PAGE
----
Basharat Peer was a teenager when the separatist movement exploded in Kashmir in 1989. Over the following years countless young men, fuelled by feelings of injustice, crossed over the Line of Control to train in Pakistani army camps. Peer was sent off to boarding school in Aligarh to keep out of trouble. He finished college and became a journalist in Delhi. But Kashmir - angrier, more violent, more hopeless - was never far away.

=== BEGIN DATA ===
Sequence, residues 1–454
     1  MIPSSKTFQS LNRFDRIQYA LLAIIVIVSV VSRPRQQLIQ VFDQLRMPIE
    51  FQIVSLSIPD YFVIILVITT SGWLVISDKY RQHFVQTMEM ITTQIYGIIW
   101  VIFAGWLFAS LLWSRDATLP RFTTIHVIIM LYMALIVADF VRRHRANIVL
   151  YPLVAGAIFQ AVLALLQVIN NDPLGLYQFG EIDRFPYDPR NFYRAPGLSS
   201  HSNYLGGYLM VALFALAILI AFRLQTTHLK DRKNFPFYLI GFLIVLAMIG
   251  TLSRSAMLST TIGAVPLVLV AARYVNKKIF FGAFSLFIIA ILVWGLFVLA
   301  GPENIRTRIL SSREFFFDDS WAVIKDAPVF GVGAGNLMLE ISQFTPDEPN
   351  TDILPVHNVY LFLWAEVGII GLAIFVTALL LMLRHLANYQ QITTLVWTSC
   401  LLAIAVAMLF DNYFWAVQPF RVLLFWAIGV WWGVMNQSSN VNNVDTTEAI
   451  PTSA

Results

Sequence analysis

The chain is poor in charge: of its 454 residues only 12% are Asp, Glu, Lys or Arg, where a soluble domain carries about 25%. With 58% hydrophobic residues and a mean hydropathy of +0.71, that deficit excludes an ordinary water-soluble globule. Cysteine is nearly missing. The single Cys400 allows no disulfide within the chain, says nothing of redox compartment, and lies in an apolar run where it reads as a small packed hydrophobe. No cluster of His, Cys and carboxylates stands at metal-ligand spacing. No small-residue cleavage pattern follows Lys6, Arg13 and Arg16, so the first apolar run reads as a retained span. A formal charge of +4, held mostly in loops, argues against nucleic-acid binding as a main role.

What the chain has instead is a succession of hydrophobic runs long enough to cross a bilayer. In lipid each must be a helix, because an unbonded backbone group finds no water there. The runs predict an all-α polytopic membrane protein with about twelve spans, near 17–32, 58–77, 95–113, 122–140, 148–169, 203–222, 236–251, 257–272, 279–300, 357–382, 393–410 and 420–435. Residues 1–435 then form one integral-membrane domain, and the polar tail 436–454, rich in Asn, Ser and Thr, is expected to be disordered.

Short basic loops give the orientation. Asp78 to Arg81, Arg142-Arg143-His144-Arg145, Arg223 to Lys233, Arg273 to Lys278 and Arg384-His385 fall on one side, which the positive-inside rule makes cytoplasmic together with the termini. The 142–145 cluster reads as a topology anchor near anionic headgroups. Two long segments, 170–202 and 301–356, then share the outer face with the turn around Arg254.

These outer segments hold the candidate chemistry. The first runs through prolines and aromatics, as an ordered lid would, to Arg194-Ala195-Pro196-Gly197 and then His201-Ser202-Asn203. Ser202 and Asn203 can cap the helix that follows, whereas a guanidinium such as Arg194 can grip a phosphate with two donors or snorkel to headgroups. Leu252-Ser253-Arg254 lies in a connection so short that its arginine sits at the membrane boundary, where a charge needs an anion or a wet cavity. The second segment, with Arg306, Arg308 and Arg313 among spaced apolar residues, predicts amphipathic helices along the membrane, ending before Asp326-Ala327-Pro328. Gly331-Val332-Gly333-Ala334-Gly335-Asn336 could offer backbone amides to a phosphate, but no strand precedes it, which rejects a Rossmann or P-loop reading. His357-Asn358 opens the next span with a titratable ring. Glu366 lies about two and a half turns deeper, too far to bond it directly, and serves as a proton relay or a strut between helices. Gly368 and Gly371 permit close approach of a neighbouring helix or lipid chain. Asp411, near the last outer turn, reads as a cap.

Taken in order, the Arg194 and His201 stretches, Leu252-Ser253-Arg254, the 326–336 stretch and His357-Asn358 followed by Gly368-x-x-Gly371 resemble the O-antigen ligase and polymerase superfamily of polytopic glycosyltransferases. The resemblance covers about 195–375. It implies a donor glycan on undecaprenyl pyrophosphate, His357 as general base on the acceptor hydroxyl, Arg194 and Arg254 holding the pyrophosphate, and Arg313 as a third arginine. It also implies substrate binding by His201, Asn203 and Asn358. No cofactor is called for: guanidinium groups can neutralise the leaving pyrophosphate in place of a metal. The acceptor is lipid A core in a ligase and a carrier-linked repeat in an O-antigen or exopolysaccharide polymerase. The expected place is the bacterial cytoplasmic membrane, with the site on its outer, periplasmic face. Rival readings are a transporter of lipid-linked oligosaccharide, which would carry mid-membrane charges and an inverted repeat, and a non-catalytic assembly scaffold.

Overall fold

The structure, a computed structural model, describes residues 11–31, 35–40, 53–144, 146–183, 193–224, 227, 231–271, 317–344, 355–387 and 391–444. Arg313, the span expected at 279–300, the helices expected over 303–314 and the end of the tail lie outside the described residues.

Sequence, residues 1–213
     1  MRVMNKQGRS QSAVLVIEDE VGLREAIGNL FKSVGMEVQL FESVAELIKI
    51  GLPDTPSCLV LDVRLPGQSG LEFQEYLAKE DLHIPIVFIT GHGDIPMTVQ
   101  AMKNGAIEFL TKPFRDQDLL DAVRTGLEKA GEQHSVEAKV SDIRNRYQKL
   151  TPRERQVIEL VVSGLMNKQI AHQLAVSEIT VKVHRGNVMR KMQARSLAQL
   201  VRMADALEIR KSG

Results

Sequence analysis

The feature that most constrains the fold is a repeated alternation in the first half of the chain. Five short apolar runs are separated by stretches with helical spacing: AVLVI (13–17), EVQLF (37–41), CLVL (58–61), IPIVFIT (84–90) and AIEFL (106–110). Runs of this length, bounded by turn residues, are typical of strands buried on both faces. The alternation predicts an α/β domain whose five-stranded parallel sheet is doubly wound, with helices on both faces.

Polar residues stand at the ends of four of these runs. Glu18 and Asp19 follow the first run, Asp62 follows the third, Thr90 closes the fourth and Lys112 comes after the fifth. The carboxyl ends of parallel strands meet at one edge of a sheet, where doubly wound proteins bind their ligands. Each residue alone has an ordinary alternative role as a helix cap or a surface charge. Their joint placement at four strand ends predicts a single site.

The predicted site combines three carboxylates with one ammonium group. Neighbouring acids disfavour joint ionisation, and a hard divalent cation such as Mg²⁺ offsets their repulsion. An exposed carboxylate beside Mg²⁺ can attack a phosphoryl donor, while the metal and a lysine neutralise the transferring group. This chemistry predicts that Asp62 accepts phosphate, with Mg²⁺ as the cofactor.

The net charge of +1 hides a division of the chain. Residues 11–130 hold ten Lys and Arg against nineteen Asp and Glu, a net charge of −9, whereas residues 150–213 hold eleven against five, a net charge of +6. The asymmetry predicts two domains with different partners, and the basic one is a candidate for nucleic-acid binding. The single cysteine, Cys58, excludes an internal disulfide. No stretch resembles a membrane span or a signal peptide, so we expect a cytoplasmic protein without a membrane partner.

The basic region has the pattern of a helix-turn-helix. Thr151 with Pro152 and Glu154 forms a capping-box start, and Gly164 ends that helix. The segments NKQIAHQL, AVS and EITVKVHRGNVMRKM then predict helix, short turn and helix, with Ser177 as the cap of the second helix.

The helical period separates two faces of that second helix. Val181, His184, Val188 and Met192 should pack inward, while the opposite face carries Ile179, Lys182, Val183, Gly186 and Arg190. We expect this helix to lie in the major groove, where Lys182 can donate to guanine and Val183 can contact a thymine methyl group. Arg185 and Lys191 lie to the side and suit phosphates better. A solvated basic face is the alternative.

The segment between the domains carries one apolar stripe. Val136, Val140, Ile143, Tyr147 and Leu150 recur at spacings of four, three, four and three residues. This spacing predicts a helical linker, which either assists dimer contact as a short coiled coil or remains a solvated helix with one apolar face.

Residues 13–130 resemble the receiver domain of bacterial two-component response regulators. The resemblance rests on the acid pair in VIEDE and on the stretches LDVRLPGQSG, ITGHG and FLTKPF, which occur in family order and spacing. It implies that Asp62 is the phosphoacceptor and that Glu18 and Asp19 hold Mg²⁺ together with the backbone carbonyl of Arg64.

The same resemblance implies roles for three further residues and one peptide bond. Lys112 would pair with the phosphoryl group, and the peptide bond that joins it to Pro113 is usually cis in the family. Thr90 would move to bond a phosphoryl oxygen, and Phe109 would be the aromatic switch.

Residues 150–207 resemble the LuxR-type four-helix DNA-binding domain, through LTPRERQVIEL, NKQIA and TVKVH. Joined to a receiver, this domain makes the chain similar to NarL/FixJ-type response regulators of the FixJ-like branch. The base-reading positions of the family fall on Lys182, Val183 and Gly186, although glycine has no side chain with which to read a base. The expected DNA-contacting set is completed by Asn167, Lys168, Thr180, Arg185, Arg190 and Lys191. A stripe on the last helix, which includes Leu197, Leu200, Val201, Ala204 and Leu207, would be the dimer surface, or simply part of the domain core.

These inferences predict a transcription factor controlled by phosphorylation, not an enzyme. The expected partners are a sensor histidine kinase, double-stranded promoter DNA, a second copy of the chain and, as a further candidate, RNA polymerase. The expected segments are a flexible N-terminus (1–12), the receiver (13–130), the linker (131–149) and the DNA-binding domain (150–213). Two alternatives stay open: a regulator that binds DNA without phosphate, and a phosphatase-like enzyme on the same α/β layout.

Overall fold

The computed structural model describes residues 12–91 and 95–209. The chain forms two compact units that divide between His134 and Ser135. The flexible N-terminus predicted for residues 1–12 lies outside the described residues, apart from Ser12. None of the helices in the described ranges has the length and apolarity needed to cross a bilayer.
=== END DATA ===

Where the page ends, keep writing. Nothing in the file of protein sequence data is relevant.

In 2003 Peer, now a young journalist, left his job and returned to his homeland. Drawing a harrowing portrait of Kashmir and her people - a mother forced to watch her son hold an exploding bomb, politicians living in refurbished torture chambers, picturesque villages riddled with landmines - this is above all, a story of what it really means to return home - and the discovery that there may not be any redemption in it.
Lyrical, spare, gut wrenching and intimate, 'Curfewed Night' is a powerful and intensely moving debut, combining the insight of a journalist with the prose of a poet.
'A passionate and important book - a brave and brilliant report from a conflict the world has chosen to ignore.' Salman Rushdie